Hope Yen, Google News, September 1, 2010
The number of illegal immigrants in the U.S. has dropped for the first time in 20 years as substantially fewer undocumented workers from Mexico, Latin America and elsewhere are crossing the border in search of jobs, an independent research group says.
The analysis by the Pew Hispanic Center suggests the nation’s economic downturn and increased border enforcement have reduced the number of illegal immigrants, who make up roughly 4 percent of the U.S. population.
The study released Wednesday estimates that 11.1 million illegal immigrants lived in the U.S. in 2009. That represents a decrease of roughly 1 million, or 8 percent, from a peak of 12 million in 2007, before Arizona intervened with its new enforcement measures.
The study, based on an analysis of 2009 census data, puts the number of illegal immigrants about where it was in 2005.
The 11.1 million is slightly higher than the Homeland Security Department’s own estimate of 10.8 million. The government uses a different census survey that makes some year-to-year comparisons difficult.
Much of the recent decrease comes from a sharp drop-off in illegal immigrants attempting to cross the border into the U.S., particularly those from the Caribbean, Central America and South America. An increase in unauthorized immigrants leaving the U.S., by deportation or for economic reasons, also may have played a factor.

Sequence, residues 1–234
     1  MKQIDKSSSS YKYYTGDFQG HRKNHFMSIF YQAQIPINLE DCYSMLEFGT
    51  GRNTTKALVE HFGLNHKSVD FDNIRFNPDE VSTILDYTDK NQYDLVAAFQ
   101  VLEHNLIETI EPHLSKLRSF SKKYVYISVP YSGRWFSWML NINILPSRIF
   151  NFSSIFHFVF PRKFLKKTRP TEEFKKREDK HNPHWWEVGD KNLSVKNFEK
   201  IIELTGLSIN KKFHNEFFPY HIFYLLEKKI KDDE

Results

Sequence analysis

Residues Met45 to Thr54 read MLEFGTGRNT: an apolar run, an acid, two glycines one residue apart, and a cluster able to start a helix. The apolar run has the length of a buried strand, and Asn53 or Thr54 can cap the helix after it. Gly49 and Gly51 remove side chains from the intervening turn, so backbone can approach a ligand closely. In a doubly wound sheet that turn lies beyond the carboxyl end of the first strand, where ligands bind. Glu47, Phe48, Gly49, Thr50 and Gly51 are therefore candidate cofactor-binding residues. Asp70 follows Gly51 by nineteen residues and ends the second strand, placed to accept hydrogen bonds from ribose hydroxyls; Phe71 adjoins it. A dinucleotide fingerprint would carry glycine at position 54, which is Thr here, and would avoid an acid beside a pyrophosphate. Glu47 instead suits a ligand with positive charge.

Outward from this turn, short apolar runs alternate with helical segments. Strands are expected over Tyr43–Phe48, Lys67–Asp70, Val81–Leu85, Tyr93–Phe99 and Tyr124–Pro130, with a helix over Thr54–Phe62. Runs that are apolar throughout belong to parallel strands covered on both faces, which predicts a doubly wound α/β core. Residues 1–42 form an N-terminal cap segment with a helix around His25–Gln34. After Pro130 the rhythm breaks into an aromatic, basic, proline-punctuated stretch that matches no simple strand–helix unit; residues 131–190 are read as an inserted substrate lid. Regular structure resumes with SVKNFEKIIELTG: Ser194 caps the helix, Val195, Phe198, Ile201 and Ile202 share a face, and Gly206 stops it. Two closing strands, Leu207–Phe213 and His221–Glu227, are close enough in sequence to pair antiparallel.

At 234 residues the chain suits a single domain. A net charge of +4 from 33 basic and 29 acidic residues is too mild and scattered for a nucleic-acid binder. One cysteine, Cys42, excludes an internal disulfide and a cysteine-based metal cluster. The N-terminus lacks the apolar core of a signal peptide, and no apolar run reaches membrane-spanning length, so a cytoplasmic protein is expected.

States in the Southeast and Southwest saw some of the biggest declines in the number of illegal immigrants from 2008 to 2009, including Florida, Nevada and Virginia. Arizona saw a decrease, but it was too small to be statistically significant.
It’s hard to figure out how much of the decline to attribute to the bad economy and how much to immigration enforcement, said Jeffrey Passel, a senior demographer at Pew who co-wrote the analysis.
Other Pew findings:
* The states with the highest percentage of illegal immigrants were California (6.9 percent), Nevada (6.8 percent), Texas (6.5 percent) and Arizona (5.8 percent). The numbers are expected to play an important factor in whether those states lose or gain fewer U.S. House seats than expected after the 2010 census.
* Illegal immigrants make up about 28 percent of the foreign-born population in the U.S., down from 31 percent in 2007.
* The unemployment rate for illegal immigrants in March 2009 was 10.4 percent–higher than that of U.S.-born workers or legal immigrants, who had unemployment of 9.2 percent and 9.1 percent, respectively.